When Zoie Diana wrote a short essay on plastic pollution that won her an undergraduate scholarship, she didn’t expect it would help set her on an academic path that would include feeding plastic pellets to anemones on TV.
Diana always had an underlying interest in environmental issues but decided she wanted to study the topic more during her undergraduate studies at Allegheny College in Meadville, Pennsylvania. At the time, the college offered one environmental studies class that centered around marine environmental studies. After taking the course, Diana decided to study abroad in Australia to take more marine environmental studies courses and see the Great Barrier Reef.
After Australia, she was set on continuing to study marine environmental studies. She earned a master’s degree at Duke in coastal environmental management and then worked for a few years for federal agencies as an environmental consultant. During that time, she worked on ensuring federal entities’ compliance with the National Environmental Policy Act and federal sustainability acts.
Diana, however, wanted to be back in a role that allowed her to continue to research all of the things in marine environmental studies that she was interested in.
“Although I enjoyed this time applying my knowledge of the environment, I missed research,” she said. “As such, I decided to pursue a Ph.D. merging my background and interests in pollution management, environmental policy, and marine science—focusing on plastic pollution.”
Diana, now a fourth-year Ph.D. candidate back at Duke, is pursuing her dissertation in the Rittschof Lab in the Marine Science and Conservation Department at the Nicholas School of the Environment.
“Broadly, my dissertation explores multisector mitigation of plastic pollution, approaches from biology, policy, law, and industry,” she said. “My overarching goal is to identify governance gaps and mismatches in plastic pollution management.”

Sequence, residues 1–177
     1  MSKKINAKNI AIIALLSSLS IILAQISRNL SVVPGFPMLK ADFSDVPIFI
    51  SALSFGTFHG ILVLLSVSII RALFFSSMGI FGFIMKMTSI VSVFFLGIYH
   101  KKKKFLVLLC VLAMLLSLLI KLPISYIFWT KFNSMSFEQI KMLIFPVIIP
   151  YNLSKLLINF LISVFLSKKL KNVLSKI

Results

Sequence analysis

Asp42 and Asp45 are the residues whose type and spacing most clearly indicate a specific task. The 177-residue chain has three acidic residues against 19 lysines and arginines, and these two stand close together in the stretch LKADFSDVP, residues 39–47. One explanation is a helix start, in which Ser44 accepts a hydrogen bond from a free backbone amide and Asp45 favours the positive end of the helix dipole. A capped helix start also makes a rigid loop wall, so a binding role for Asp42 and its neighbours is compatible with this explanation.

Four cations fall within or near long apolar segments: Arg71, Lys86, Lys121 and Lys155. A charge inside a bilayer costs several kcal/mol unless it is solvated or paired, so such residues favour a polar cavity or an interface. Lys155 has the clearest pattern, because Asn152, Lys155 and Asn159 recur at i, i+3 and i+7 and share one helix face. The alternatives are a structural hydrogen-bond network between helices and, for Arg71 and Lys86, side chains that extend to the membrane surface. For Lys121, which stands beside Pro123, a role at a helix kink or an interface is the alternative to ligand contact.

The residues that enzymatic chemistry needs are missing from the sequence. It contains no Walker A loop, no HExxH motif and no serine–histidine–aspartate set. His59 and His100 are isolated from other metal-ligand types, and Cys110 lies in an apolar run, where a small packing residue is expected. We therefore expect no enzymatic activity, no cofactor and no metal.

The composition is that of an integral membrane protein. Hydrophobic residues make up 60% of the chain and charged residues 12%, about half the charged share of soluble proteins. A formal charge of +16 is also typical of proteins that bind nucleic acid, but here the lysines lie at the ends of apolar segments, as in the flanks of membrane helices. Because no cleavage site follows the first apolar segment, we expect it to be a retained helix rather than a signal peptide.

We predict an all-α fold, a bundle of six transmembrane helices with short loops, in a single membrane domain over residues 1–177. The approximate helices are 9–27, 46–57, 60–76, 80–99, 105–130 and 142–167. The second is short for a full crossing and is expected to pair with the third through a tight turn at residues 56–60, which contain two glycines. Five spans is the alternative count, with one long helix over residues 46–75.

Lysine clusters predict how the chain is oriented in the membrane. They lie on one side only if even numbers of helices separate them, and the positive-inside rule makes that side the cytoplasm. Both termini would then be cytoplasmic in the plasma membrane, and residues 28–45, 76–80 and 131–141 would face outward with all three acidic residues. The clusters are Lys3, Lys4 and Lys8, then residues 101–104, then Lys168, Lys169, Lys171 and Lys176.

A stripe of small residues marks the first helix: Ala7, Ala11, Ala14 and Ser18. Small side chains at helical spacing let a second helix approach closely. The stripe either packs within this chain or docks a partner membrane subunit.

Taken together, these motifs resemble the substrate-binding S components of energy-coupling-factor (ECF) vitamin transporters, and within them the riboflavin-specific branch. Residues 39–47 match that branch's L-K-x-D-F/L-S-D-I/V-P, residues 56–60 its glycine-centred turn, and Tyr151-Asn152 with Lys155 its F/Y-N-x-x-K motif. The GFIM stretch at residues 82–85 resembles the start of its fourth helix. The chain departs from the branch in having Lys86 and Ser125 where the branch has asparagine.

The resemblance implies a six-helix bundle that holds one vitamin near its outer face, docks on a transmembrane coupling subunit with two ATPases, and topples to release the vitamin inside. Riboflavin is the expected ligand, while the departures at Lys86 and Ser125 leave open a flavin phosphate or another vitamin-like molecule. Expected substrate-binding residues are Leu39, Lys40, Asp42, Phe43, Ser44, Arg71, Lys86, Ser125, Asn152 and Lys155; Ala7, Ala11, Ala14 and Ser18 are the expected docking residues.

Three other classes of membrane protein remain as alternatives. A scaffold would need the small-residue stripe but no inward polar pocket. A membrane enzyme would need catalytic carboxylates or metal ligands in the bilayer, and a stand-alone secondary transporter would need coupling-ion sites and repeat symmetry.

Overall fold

Diana’s research focuses on how various stakeholders (governments, businesses, and scientists) mitigate plastic pollution. Currently, measures to reduce plastic pollution aren’t keeping pace with plastic waste generation and pollution in the environment. By identifying the gaps in approaches to marine plastic pollution prevention, Diana’s research aims to provide insights about better practices in management that could have a lasting effect on marine plastic waste.
Raising Community Awareness
During her time as a Ph.D. student, Diana has become involved with the community around her field of research and beyond, from serving as a representative of the Marine Science and Conservation department in the Graduate and Professional Student Government to being a team leader for the Bass Connections team on Empowering Youth Civic Action on Plastic Pollution.
She—along with faculty members Meagan Dunphy-Daly, John Virdin, Michelle Nowlin, and Jason Somarelli—also helped to create the Plastic Pollution Working Group, which consists of faculty and graduate students across at least 10 disciplines of study on campus.
“It has been extremely rewarding to bring together these differing disciplinary backgrounds around this common issue,” Diana said.
In addition to her research and involvement during her time in graduate school, Diana has been named a recipient of The Graduate School’s Bass Instructional Fellowship, which allowed her to teach a course this spring—Marine Plastic Pollution: Problems and Solutions.
“This is an undergraduate course focused on the environmental health and conservation issues posed by plastic pollution, with a focus on the toxicological risks faced by marine animals that consume plastic by actively conducting research on plastic consumption by sea anemones, a model animal for corals,” Diana said. “We will also survey government and private sector responses to plastic pollution, and students will critically evaluate proposed solutions.”
Sharing Her Research
Reflecting on her research experience, Diana said that some of her favorite and most gratifying moments have come from opportunities to share the research that she and her colleagues are doing with new audiences in different venues.
During the pandemic, Diana had the chance to co-present a study funded by The Pew Charitable Trusts with Rachel Karasik, a policy associate at the Nicholas Institute for Environmental Policy Solutions, for the United Nations Environment Programme. During their webinar, Diana and Karasik shared the results of a study that centered around two decades of government responses to plastic pollution and the Plastics Policy Inventory, a database of public policy documents on plastic pollution.
“I was thrilled to be sharing our findings in this venue and that UNEP found our results helpful and relevant for the community of practice,” Diana said.
She also appeared on UNC-TV to share how biologists approach the issue of plastic pollution, a focus in Diana’s research.
“My advisor and I discussed plastic consumption in marine animals on UNC-TV, and I even got to feed an anemone a plastic pellet on television!” Diana said. “This was a really rewarding opportunity to share our reach with a broader audience.”